There are a lot of people who at some point supported Jeremy Corbyn, but are now saying ‘with a heavy heart’ – always with a heavy heart – that he has to go. I would like to ask them to think one more time about this: to ask themselves why they supported him in the first place, and what has changed.
As soon as Ed Miliband was elected Labour leader in 2010, political commentators argued he had only won because of the 'union vote'. (In the final round of voting, Miliband won 46.6 per cent of MPs’ votes, 45.6 per cent of party members, and 59.8 per cent of affiliated union members.) The line was repeated over and over by Tory frontbenchers. In 2013, David Cameron told Miliband that the unions 'own you, lock, stock and block vote', even though John Smith had abolished the union block vote in 1993.
A lot of journalists (and others) have been calling Jeremy Corbyn a dinosaur. They should beware of the label. At the turn of the 20th century, the dominant political discourse – at least in what today would be called the ‘Westminster bubble’ – was that liberalism was passé, that the future lay with great empires and imperialist societies, and that anti-imperialists were doomed to ossify. ‘Imperialism’ infected all political parties, including the ‘Lib-Imp’ wing of the Liberal party, and even some Labour MPs. Yet within five years of E.T. Reed’s depiction in Punch in 1900 of the remaining Liberal anti-imperialists of his time (shown here), imperialism had lost its attraction to voters, the ‘imperialist’ party was hammered in an election, and a new, quite old-fashioned looking Liberal government came to power.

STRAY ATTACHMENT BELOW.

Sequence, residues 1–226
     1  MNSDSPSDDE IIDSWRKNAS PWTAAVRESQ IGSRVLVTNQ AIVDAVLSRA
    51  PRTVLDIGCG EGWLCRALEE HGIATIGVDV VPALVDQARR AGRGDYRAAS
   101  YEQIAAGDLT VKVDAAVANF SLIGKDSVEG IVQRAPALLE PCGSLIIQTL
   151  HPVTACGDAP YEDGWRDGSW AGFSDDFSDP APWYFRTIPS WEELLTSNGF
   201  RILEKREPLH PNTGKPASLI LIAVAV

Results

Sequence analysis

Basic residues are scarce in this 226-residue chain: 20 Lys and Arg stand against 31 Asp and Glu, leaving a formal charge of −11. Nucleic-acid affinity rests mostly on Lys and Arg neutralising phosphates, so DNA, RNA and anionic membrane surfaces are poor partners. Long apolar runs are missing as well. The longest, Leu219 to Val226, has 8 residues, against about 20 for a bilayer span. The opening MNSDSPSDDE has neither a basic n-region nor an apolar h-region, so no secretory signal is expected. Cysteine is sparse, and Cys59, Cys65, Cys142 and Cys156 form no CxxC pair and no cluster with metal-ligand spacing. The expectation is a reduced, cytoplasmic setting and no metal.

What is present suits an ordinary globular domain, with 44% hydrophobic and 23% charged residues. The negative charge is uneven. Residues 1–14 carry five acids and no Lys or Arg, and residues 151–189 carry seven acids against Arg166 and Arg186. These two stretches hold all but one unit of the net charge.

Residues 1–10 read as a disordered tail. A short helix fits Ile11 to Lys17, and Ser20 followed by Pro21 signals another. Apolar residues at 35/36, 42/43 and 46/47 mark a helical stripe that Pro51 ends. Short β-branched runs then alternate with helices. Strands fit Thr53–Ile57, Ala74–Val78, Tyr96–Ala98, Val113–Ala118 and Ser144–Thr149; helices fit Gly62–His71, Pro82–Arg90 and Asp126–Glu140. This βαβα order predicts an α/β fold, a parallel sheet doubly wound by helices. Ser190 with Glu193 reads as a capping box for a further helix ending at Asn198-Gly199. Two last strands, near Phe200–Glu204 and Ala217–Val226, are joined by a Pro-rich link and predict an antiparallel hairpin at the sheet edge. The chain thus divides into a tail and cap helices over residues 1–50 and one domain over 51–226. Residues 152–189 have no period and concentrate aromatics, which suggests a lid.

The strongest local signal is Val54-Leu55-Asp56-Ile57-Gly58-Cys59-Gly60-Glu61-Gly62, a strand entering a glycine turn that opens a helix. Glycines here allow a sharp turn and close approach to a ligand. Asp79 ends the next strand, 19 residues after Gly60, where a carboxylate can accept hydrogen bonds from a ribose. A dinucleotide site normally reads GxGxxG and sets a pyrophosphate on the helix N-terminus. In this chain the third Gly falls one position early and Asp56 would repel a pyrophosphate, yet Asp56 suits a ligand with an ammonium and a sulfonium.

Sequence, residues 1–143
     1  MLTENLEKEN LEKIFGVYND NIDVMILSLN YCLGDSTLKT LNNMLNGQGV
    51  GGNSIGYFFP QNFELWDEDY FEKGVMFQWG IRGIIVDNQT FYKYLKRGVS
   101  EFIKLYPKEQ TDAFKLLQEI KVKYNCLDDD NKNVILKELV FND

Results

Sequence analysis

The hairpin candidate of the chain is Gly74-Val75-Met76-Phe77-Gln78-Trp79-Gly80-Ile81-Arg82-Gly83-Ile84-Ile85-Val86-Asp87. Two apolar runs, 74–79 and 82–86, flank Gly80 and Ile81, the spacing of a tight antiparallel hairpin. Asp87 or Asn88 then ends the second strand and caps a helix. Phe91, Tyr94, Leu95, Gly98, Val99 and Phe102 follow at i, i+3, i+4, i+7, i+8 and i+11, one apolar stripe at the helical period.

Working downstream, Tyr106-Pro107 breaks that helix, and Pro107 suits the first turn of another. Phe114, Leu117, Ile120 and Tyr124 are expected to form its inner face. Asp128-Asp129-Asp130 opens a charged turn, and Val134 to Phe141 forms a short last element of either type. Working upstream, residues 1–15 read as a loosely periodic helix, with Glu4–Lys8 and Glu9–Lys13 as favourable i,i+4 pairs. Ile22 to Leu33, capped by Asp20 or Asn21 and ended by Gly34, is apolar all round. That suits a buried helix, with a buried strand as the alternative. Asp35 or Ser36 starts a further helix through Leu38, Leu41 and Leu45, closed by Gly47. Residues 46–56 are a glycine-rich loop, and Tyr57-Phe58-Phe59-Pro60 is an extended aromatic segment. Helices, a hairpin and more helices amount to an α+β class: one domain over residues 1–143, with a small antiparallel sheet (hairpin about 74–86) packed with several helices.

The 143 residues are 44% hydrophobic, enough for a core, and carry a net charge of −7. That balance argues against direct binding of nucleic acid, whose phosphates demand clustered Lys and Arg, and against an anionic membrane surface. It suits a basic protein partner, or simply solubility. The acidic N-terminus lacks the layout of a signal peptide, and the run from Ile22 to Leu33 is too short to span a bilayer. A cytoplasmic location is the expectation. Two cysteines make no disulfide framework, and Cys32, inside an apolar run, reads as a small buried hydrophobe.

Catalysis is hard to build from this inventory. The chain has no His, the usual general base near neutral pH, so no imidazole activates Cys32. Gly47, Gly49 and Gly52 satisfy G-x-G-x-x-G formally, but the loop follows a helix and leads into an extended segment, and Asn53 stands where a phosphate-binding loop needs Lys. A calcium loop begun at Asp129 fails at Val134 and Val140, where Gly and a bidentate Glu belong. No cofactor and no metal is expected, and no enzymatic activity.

‘Does it look big?’ an elderly woman asked me, craning her neck to see down the street. ‘I’m afraid so,’ I replied, thinking she might be worried about getting to the Tube. ‘Good,’ she said. Like thousands of others, she was in London on Saturday for the national anti-austerity demonstration organised by the People’s Assembly. As we marched from the Bank of England to Parliament Square, the crowd kept growing.
A few weeks ago, it seemed impossible that a socialist would be in the running for the Labour leadership. The former miners’ leader Ian Lavery had ruled himself out and supported Andy Burnham; Lisa Nandy had resisted attempts to ‘draft’ her into the race. The debate was firmly anchored to the right, with Ed Miliband under attack for being ‘anti-business’ and focusing on the disenfranchised.